Ahead of the hourlong meeting, but both men said there remain disagreements. The White House chief of staff and top administration negotiators joined the session, as did McCarthy’s own chief of staff as well as a top Republican involved in the negotiations, Rep. Patrick McHenry of North Carolina, the Financial Services Committee chairman.

The contours of an agreement appear within reach, and the negotiations have narrowed on a 2024 budget year cap that would be key to resolving the standoff. Republicans have insisted next year’s spending cannot be more than current 2023 levels, but Democrats have refused to accept the steeper cuts McCarthy’s team proposed and the White House instead offered to hold spending flat.

A budget deal would unlock a separate vote to lift the debt ceiling, now $31 trillion, to allow more borrowing. Treasury Secretary Yellen said Sunday that June 1 is a “hard deadline.”

McCarthy told reporters midday at the Capitol that “decisions have to start being made” since “we’re 10 days out” from the deadline.

“We have to spend less next year than we spent this year,” McCarthy, R-Calif. reiterated and pointed to the House’s spending cuts as the “framework” for a deal.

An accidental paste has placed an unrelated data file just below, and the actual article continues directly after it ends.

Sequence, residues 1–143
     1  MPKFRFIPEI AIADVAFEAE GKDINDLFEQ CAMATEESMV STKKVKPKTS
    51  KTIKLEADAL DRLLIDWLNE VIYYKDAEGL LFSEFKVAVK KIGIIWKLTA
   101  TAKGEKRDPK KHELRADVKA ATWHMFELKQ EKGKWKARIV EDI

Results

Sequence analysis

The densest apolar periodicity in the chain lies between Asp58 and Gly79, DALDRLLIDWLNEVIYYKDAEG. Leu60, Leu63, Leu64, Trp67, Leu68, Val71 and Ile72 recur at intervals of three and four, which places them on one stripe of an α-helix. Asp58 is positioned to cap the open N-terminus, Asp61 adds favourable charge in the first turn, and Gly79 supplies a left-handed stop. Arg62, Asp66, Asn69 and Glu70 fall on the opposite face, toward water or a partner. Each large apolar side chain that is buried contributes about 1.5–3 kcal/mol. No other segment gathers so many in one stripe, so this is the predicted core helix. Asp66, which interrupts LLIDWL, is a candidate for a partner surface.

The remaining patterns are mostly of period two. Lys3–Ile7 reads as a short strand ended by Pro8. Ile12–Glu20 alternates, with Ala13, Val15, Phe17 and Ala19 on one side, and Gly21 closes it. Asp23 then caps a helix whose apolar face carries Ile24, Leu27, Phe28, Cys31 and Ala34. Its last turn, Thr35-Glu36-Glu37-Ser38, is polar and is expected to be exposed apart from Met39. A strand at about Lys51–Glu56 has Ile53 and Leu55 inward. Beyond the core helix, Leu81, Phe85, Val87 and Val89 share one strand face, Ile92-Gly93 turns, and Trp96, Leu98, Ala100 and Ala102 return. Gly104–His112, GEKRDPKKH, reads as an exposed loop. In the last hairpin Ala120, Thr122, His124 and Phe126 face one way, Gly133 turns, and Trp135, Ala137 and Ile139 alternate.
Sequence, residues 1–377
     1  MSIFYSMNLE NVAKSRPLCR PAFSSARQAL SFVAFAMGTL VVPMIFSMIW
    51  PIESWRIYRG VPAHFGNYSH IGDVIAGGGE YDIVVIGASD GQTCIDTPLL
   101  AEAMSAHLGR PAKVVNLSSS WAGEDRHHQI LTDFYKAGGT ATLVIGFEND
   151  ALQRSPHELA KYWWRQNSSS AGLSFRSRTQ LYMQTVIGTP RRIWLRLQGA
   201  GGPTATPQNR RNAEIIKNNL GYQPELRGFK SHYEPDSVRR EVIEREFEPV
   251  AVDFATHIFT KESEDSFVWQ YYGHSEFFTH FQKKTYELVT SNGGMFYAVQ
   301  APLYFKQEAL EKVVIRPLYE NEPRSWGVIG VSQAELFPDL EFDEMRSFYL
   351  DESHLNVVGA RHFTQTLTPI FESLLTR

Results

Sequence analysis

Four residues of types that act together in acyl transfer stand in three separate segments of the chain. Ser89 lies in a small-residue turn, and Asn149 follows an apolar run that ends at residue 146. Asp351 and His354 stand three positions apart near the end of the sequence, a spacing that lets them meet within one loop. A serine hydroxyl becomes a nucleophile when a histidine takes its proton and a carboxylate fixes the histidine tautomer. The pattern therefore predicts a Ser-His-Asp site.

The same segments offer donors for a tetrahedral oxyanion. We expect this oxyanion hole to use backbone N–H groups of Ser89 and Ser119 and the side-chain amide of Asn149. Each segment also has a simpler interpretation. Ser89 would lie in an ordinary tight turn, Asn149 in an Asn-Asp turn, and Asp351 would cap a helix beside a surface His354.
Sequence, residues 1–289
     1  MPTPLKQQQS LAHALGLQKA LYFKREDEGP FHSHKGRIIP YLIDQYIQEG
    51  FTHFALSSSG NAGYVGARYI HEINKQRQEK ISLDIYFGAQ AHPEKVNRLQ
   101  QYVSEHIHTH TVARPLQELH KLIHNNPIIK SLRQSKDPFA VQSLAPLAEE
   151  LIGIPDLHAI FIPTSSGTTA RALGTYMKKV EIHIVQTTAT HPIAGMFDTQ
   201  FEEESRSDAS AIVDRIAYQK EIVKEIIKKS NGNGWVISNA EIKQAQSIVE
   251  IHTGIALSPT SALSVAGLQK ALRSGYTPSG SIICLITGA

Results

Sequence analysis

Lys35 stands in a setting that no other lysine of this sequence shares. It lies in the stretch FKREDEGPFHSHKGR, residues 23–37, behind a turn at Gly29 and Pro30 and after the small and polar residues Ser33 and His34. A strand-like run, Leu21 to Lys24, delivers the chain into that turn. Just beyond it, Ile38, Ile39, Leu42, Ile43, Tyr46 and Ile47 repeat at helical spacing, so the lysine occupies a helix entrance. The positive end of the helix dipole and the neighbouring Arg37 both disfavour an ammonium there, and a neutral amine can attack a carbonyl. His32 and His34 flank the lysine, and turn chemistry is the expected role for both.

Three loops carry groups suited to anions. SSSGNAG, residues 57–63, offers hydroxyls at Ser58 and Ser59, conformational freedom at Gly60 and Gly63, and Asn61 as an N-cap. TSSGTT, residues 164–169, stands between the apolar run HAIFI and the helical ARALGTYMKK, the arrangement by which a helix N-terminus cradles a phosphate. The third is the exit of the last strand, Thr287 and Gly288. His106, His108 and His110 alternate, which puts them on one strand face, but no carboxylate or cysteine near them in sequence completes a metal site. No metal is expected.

“I’m hopeful,” he added.

After a weekend of start-stop talks, both Biden and McCarthy have declared a need to close out a compromise deal.

Negotiators for the White House met again for nearly three hours Monday morning with McCarthy’s team at the Capitol ahead of the session at the White House.

Biden and McCarthy spoke by phone Sunday while the president was returning home on Air Force One after the Group of Seven summit in Japan. “It went well, we’ll talk tomorrow,” Biden said in response to a shouted question upon his return late Sunday.

The call revived talks, and negotiators met for 2 1/2 hours at the Capitol late Sunday evening, saying little as they left. Financial markets turned down last week after talks stalled.